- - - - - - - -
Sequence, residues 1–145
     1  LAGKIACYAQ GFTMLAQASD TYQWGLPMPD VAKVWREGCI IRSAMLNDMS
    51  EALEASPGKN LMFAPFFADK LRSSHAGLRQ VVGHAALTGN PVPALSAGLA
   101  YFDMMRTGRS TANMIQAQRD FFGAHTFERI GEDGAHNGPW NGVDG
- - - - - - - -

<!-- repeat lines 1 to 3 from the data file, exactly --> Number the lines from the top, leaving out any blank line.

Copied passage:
Sequence, residues 1–145
     1  LAGKIACYAQ GFTMLAQASD TYQWGLPMPD VAKVWREGCI IRSAMLNDMS
    51  EALEASPGKN LMFAPFFADK LRSSHAGLRQ VVGHAALTGN PVPALSAGLA